NEW YORK - Minutes before the Michigan menâ€™s basketball team was set to depart Madison Square Garden, Zavier Simpson was asked a question that had nothing to do with how the Wolverines played.
Instead, it was about their opponent, who has quickly become one of the top stories - and feel-good stories so far - in college basketball over the past few months that includes a rise from Big Ten basement dweller to a stint in the AP top 25 for the first time in 41 years.
How different is this Rutgers team than the ones he used to face?
â€śIt was very different,â€ť Simpson said after the two played on Feb. 1. â€śWhen guys were out there, you could tell they were locked in. They have a great coaching staff that was extremely engaged.â€ťÂ
If anyone within the Big Ten has seen the progression of the Scarlet Knights on the court, Michiganâ€™s senior guard has plenty of experience to rely on. Simpson has never lost any of the four career games heâ€™s played against Rutgers and has twice beaten them by 12 points or more, including a 77-65 win last season and a 62-47 drubbing his sophomore year.
But on the first Saturday in February, Simpson and the Wolverines had to fend off the Scarlet Knights twice, once at the end of each half, before coming away with a hard-fought 69-63 win.
â€śIt wasnâ€™t surprising,â€ť Simpson said. â€śWatching film you can tell how good of a team they are.â€ť
A lot of that has to do with what the man Rutgers Athletic Director Pats Hobbs hired at a New York City diner in 2016 to lead a massive rebuilding project of a program that hasnâ€™t made the NCAA Tournament since 1991 and what that coach is currently building in New Brunswick, New Jersey.Â
That man and two of his players walked into the media room at Madison Square Garden shortly after Michigan left and when Steve Pikiell, Rugters head coach, sat down, he put on display what has endeared him to not only the schoolâ€™s brass, but his players and the fans as well.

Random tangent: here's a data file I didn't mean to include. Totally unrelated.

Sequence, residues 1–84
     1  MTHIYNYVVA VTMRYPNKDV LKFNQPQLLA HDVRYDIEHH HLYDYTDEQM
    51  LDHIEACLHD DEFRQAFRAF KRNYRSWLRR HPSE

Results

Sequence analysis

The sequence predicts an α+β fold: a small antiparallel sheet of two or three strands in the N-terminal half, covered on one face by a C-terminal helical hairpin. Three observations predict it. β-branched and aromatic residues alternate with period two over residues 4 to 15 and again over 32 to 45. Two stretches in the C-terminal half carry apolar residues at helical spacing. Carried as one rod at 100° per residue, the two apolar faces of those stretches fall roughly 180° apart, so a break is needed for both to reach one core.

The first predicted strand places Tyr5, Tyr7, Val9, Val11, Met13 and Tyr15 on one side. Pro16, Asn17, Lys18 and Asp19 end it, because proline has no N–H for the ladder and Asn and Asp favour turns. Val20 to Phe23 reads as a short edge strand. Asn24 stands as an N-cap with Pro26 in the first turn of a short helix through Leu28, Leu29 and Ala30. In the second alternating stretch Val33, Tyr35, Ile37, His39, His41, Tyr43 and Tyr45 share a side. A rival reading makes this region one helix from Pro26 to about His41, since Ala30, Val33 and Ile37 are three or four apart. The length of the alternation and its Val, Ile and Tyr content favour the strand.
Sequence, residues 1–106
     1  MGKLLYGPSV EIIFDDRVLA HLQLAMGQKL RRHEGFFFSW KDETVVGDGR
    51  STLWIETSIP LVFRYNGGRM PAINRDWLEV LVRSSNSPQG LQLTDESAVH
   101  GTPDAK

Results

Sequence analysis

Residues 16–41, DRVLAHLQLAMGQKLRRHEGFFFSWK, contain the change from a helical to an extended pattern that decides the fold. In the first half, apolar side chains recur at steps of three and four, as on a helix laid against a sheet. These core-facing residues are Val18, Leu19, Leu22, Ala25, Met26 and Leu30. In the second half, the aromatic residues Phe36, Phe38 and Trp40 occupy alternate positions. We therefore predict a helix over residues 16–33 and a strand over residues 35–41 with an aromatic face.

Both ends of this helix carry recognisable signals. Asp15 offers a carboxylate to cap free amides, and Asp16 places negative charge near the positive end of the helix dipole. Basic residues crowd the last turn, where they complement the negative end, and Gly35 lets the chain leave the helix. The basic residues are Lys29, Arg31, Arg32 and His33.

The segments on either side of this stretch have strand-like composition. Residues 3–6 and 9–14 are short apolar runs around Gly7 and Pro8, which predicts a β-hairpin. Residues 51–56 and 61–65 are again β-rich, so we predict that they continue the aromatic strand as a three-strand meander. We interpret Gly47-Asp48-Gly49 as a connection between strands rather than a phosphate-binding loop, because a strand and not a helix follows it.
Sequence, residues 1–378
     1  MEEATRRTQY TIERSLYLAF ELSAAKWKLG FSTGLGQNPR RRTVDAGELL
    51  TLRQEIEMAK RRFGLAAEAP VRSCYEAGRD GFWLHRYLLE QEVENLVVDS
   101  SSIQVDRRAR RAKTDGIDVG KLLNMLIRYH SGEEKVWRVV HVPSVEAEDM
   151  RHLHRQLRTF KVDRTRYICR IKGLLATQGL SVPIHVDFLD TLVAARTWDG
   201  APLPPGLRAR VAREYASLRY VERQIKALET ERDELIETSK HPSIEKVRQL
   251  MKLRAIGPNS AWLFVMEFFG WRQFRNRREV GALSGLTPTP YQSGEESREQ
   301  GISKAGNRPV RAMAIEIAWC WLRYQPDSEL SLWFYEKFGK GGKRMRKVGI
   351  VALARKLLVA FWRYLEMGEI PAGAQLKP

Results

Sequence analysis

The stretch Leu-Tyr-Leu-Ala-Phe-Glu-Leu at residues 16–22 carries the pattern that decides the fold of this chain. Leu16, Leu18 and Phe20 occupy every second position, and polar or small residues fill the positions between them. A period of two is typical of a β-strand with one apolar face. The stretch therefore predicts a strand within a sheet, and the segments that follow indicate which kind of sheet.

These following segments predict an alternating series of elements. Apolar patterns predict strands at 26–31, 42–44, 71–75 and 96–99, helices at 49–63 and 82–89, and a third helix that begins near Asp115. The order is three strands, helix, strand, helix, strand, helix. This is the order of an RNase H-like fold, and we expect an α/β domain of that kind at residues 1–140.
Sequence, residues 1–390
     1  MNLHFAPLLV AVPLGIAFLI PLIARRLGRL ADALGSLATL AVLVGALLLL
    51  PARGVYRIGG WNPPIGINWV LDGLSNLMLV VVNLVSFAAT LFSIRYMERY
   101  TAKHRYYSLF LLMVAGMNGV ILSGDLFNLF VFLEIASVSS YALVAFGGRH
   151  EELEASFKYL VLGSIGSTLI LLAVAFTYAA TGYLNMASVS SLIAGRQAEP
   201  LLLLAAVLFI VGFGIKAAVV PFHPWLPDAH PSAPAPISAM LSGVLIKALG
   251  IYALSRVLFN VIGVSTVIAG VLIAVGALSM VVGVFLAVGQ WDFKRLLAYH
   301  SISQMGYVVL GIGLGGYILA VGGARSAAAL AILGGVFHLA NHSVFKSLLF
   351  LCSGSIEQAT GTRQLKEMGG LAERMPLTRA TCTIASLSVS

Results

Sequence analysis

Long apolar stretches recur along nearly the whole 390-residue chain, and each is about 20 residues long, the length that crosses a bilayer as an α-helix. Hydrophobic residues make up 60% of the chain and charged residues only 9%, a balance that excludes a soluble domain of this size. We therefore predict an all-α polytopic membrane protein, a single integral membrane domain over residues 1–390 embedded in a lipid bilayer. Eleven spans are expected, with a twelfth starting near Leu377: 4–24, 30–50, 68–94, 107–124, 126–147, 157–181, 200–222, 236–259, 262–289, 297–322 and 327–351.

Rutgers, which entered Sunday with a 16-7 record and a 7-5 mark in the Big Ten, has sold out all of its home games. Itâ€™s home arena, Rutgers Athletic Center, has become a tough and intimidating place to play. Madison Square Garden, which was officially a Michigan home game, was ablaze with red.
There is an excitement around the Scarlet Knights that hasnâ€™t been felt in a long time.
â€śI just think every year, weâ€™ve gotten better and better and weâ€™re just continuing to climb the best league in the country,â€ť said Pikiell, a Bristol native and St. Paul graduate. â€śThatâ€™s what weâ€™re trying to do.â€ť
When Pikiell was hired to lead Rutgers, it wasnâ€™t the flashiest hire. He wasnâ€™t a big name or from a big program. But what he lacked on that front, he promised to bring a steadiness to a team that has had anything but since that 1991 season.
The program has had six head coaches from that year to the time Pikiell was hired. Most of it hasnâ€™t been good and there have been plenty of scandals and poor performances along the way.
There was Bob Wenzel (1988-97, 128-135 record), who had a sub .500 record his last five seasons. Kevin Bannon (1997-2001, 59-60), followed and had players claim he made them strip ro missed free throws and had to practice naked. Gary Waters (2001-06, 79-75), won 20 games in 2003, but missed a game in 2006 when he chose to fly to Kent State for a Hall of Fame induction and got snowed in. Fred Hill (2006-10, 47-77), was next and after he was told to stay away from the schoolâ€™s baseball field after being involved in shouting match with Pittsburghâ€™s baseball coach during a game, returned anyway.
The previous two coaches before Pikiellâ€™s tenure were perhaps the worst. Mike Rice (2010-13, 44-51) and he was fired after videotapes revealed a string of abusive behavior toward his players, including throwing basketballs and using homophobic slurs. Eddie Jordan (2013-16, 29-68) was hired after he was lauded as a Rutgers alumni. But an investigation showed he never graduated and more importantly, he didnâ€™t win.Â
And since entering the league in 2014 following the dissolution of the original Big East, the Scarlet Knights have been an abysmal in Big Ten games. They had four straight last-place finishes in the 14-team conference and a 10th-place finish in 2018-19 competing against the likes of Michigan State, Wisconsin, Michigan, Ohio State and Penn State.